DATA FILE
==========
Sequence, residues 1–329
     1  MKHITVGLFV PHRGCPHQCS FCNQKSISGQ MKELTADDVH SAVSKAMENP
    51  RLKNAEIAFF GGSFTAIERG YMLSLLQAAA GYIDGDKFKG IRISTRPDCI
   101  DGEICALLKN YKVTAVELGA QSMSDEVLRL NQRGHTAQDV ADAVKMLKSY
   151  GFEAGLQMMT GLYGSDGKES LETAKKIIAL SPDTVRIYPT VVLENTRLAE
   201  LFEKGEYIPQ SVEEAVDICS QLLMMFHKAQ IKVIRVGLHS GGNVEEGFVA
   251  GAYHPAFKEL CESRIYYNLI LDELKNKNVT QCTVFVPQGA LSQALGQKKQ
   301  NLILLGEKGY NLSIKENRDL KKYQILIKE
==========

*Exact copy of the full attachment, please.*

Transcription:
Sequence, residues 1–329
     1  MKHITVGLFV PHRGCPHQCS FCNQKSISGQ MKELTADDVH SAVSKAMENP
    51  RLKNAEIAFF GGSFTAIERG YMLSLLQAAA GYIDGDKFKG IRISTRPDCI
   101  DGEICALLKN YKVTAVELGA QSMSDEVLRL NQRGHTAQDV ADAVKMLKSY
   151  GFEAGLQMMT GLYGSDGKES LETAKKIIAL SPDTVRIYPT VVLENTRLAE
   201  LFEKGEYIPQ SVEEAVDICS QLLMMFHKAQ IKVIRVGLHS GGNVEEGFVA
   251  GAYHPAFKEL CESRIYYNLI LDELKNKNVT QCTVFVPQGA LSQALGQKKQ
   301  NLILLGEKGY NLSIKENRDL KKYQILIKE